In the most personal, complete and beautifully intimate documentary about the filmmaker made to date, Mark Cousin’s new film presents Orson Welles in a fresh context, stripping away the well-trodden anecdotal history of one of cinema’s greatest pioneers, and giving a sense of the man behind the mythology.
Welles has no shortage of biographers. His shadow looms over the history of cinema like a giant colossus, and books, documentaries and creative interpretations of his life and work have been released at a fairly routine pace since his death in 1985. But The Story of Film director Mark Cousins found a fresh angle that mined past both the propaganda and Welles’ own penchant for mistruths, as the film is structured around an enormous wealth of the director’s own personal sketches. “The angle came to me, to be honest,” said Cousins, “I knew there were a few, but had no idea that sketching had been such a thing for him, a release, as it were, from the pressures of the film industry, and from fame. From the start I knew that I didn't want to make something purely biographical. Nor did I want to engage with the myths about Welles - that he started from the top and worked his way down, that he was afraid of finishing films. I didn't believe those things. Instead, I wanted to focus on the drawings and see what they revealed. What I saw in them was some archetypes or themes - everyday people, romanticism, power and humour.”
To each new generation, he might at first seem like part of the establishment, but then his unpredictability, radicalism and disruptive power emerges
The involvement of Welles’ daughter Beatrice, who administers her late father’s estate, was integral in getting the film made, “I met Beatrice, and she told be about the stash of drawings and paintings,” Cousins said, “I spent a lot of time with her, hearing her stories about her father, getting a sense of the man rather than the legend. Plus I wanted her to feel that she saw her father in the finished film. I held my breath when she watched it, but she said that it was one of the best things she's seen about him!”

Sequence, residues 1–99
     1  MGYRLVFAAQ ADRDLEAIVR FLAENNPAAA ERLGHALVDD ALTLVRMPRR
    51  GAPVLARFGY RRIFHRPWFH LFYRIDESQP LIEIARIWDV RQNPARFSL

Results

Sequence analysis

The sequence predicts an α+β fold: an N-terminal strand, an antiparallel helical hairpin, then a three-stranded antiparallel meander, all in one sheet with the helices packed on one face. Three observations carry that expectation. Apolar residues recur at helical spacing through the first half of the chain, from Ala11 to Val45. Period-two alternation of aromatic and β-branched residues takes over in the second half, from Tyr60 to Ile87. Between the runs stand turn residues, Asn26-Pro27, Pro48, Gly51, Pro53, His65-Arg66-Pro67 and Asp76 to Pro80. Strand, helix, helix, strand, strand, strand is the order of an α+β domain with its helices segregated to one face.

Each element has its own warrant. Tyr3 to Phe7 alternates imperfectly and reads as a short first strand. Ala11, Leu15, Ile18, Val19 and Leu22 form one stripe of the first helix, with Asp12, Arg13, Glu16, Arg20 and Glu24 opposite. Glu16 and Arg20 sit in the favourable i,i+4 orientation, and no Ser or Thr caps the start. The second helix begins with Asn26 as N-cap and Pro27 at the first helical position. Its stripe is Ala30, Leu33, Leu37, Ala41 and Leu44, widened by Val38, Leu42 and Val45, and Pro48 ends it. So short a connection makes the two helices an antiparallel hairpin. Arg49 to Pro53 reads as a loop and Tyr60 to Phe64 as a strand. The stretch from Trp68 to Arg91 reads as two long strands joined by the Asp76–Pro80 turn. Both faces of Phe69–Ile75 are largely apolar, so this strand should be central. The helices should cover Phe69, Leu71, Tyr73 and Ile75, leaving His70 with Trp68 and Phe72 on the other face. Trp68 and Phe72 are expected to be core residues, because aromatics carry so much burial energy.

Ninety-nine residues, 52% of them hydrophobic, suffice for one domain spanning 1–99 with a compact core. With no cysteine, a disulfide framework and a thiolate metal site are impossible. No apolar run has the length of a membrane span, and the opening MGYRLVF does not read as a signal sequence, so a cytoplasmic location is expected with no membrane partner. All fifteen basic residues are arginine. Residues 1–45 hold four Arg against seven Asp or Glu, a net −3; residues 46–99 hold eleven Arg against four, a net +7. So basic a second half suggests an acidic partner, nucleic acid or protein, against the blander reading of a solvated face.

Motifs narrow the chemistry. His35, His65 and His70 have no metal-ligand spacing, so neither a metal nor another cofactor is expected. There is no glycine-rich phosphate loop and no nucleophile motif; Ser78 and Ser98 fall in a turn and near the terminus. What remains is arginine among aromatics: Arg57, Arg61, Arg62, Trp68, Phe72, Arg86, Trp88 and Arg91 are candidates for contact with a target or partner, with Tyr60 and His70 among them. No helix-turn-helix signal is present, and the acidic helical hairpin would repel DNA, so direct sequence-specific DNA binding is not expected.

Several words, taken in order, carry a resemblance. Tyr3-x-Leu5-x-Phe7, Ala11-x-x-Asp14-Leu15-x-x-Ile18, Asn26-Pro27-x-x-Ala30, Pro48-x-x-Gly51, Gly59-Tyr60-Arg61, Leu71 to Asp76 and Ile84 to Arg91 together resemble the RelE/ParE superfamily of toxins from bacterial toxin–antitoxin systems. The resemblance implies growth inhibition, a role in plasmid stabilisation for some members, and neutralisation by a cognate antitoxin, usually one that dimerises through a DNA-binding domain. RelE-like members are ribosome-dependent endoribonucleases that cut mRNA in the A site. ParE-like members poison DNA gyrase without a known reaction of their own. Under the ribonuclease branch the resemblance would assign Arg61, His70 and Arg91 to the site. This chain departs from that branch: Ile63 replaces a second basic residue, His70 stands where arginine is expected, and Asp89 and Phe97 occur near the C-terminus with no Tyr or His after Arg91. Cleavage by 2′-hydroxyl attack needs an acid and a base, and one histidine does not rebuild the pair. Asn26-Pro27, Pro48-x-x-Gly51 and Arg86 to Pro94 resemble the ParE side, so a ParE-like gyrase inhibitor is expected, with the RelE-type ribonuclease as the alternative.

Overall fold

While the film features Cousins’ signature playfully heartfelt narration, it does represent something of a departure from form, “I don't usually focus on the great men in the American film canon, but Welles was such a rebel - that appealed to me. And the drawings are a kind of memoir by other means - which was irresistible.” Split into chapters, Cousins crafts the film as a letter written by him to Welles in the modern day, with the drawings making up part of a kaleidoscopic collage of Welles’ life, love and creative output, providing a fresh perspective on the director, “I think that there are a lot of clichés about Welles, and anecdotes that are repeated. This makes his life or reputation feel stale, or rather fixed. Welles' work isn't fixed. For example, in the era of Donald Trump, it looks different to how it was previously seen. A man and a body of work with such contradictions - modernist and romantic, for example - will never be fully pinned down.” The Eyes of Orson Welles is clearly an intensely personal project for Cousins, who has the great director’s signature tattooed on his forearm. But one of the film’s greatest strengths comes in never straying into hagiographical, gushing territory.
“Yes, I have his name on my arm and seeing Touch of Evil on TV as a child entranced me. I felt that I'd taken drugs. It, more than any other film, made me fall in love with movies. I love F for Fake. In my own work I've often tried to be playful or add a twist in the form of the film towards the end.”
Richard Linklater once called Welles “the patron saint of independent filmmakers” and in a time when filmmaking is more accessible than ever before it’s interesting to think of Welles, a man of such complex contradictions, making films in 2018 “Welles certainly would have made more movies in the era of miniatured equipment, but I'm glad that he started in the studio system because he, as much as anyone, showed what that system is really capable of. Erich Von Stroheim did the same,” the director said, “he was intersectional before that was even a word. His leftism overlapped with his passion for things outside the WASP world, and yet he had an aristocratic sense of European culture.”
The Eyes of Orson Welles is also comprehensive in its examination of Welles’ lesser seen films, like Mr. Arkadin or his adaptation of Macbeth, and if one thing is certain to Cousins, it’s that Welles’ body of work is as important as ever, “At times when rebelliousness and discrepant imaginations matter - which is most of the time - Welles will be relevant. To each new generation, he might at first seem like part of the establishment, but then his unpredictability, radicalism and disruptive power emerges.”